Do not mistake Quebeckers' sudden attraction to the NDP for a radical change in the way they see Canada and their place in it, André Pratte wrote in Saturday's Globe and Mail.
The rise in popularity of the federal NDP in Quebec - the party won almost 60 of the province's 75 seats in Monday's federal election, compared to only a handful each for the Conservatives, Liberals and Bloc Québécois - doesn't mean that the desire for sovereignty has disappeared.
Even before the extent of the sweep was known, journalists and political scientists had already started to reflect on the meaning of the apparent sea change in Quebeckers' federal voting preferences, he wrote.
Now that the long-invincible Bloc Québécois has fallen from its pedestal, will the hydra of separatism be mortally wounded? Will Quebec at last become a less turbulent and exacting member of the federation?
Mr. Pratte says the answer to both questions is an emphatic "no."
Mr. Pratte joined the Globe for a live discussion on the subject Tuesday afternoon. Below is an edited transcript of that discussion.
Ann Hui: Hi everyone. I'm an online editor at globeandmail.com and I'll be moderating today's live discussion. Joining us soon will be La Presse editorial writer André Pratte, who will take reader questions on the rise of the NDP in Quebec.
The chat will begin soon, but in the meantime, feel free to leave your questions for André.
Let's jump right into the first question. André, in Saturday's Globe and Mail, you argued that "whatever happens to the Bloc, the provincial Parti Québécois will remain a powerful political force." After seeing last night's results, do you still feel the same way?
[Comment From Andre Pratte Andre Pratte: ]I'm ready to start.
[Comment From André Pratte André Pratte: ]/b>
Absolutely. Polls show that support for separation is still around 40%. And the PQ would be elected if a provincial election was held today. Quebecers decided yesterday to put the separation issue on the backburner as far as federal politics are concerned. It doesn't necessarily transfer to provincial politics.
Ann Hui: Click here, by the way, for full election results, including a breakdown by province.
Ann Hui: You wrote that a weakened Bloc and a triumphant NDP in Quebec could help "launch a dialogue between the province and the rest of Canada."
Can you elaborate on that?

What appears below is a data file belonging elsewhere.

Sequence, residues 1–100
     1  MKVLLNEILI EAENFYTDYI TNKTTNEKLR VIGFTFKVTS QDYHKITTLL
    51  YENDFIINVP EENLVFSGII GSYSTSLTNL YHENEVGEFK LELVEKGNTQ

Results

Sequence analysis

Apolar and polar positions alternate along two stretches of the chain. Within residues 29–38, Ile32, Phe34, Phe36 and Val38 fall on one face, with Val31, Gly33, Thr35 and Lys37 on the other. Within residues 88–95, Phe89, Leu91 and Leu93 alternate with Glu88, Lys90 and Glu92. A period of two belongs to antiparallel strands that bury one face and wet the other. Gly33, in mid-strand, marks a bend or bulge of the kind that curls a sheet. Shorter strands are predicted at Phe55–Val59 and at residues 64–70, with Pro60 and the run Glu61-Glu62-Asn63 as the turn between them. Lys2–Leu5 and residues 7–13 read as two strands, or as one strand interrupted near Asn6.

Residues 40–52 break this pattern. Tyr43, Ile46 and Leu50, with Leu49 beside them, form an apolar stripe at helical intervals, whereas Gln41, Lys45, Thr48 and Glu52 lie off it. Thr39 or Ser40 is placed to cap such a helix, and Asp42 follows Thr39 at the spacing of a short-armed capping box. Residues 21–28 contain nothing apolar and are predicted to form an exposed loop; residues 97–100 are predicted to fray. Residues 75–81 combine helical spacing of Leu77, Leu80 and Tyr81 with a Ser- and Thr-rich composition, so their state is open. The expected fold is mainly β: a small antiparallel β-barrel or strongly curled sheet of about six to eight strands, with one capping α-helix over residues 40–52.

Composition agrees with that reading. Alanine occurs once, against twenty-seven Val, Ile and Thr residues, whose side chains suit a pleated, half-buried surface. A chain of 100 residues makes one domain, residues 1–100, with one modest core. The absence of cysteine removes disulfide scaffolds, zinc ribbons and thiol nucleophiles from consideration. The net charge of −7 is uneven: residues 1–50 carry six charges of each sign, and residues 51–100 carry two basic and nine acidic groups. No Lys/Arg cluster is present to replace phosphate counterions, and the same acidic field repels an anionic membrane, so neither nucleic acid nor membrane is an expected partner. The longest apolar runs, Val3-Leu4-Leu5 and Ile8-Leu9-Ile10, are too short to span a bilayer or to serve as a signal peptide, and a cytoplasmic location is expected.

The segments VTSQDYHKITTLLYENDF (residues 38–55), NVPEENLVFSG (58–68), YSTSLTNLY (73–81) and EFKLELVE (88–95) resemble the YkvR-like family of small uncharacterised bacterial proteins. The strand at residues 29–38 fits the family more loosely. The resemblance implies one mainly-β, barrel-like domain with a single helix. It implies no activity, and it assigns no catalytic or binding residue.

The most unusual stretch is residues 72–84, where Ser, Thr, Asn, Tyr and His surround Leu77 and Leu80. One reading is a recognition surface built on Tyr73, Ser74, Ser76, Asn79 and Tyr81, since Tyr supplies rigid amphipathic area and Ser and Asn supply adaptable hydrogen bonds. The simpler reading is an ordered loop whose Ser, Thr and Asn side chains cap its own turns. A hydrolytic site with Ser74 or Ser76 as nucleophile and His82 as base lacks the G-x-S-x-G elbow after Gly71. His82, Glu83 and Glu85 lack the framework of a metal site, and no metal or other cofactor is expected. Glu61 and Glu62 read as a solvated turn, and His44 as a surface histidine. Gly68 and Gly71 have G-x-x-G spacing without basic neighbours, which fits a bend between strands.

André Pratte: By massively rejecting the Bloc, Quebecers have chosen to come back to a national (pan-Canadian) party. They are now, apparently, willing to be part of the public debate on issues that concern all Canadians. This presents the whole country with an opportunity to begin a new dialogue between ourselves, a dialogue that the Bloc domination had rendered difficult, if not impossible. That doesn't mean Quebecers are less nationalist than before. But they have chosen to express who they are and their view of Canada through national parties rather than a separatist one.
Ann Hui: Here's a reader question:
[Comment From Benoit Benoit: ]So Quebec voters said "enough" we want back in the (federal) BBQ, how do you see the NDP defending the interest of Québec whithin a national party for the first time in a while - not that the Bloc is ...dead. thanks
André Pratte: To me, the key here is to understand what asymmetrical federalism is. Ugly word, but essential, as the NDP has understood with the help of Thomas Mulcair. Quebecers share the same preoccupations as other Canadians. But, for historical and cultural reasons, they sometimes don't chose the same solutions, or would rather have their provincial goverement deal with the problem rather than the federal government. That does not change any thing for the other provinces, and in fact they can also use this same autonomy. As long as this does not prevent all Canadians from receiving an equivalent service, there is no problem in that. It it typical federalism, period. That's the view of the NDP, I understand, and they will therefore be able both to advance their social agenda and defend «Quebec's interests».
André Pratte: Sorry Benoit, a long and complicated answer...
[Comment From Keith Pedersen Keith Pedersen: ]As an expat Canadian raised in Alberta but living in San Diego, I have sent my two sons to a French Immersion public school as a way of connecting them to their Canadian heritage. I have taken them to Ontario and Quebec (Montreal, Quebec City, Beaupre) so they know more of this country than my western roots. What will it take to help Quebecois feel they are better off in Canada than out, and that they are as much a part of Canada as anyone else, especially now that they have no major representation in the government?
André Pratte: Since Quebecers have twice rejected separation and have now tossed out the Bloc, I guess you could say that in fact, they do feel part of Canada. However, it is asking too much to ask that they share the same level of enthusiasm for Canada than other Canadians. There first sentiment is for Quebec; it's been like that for ever, even in Laurier's days. M. Ignatieff understood it well: we live in a world of multiple identities. Some may feel Newfoundlanders first, Canadian second. Others muslim first, Canadian second. There is nothing wrong in Quebecers feeling Quebecers first and Canadian second. However, French speaking Quebecers have felt at times rejected by the rest of the country and, even though it's not a constant preoccupation, the injury is still there and some days hurts more than others.
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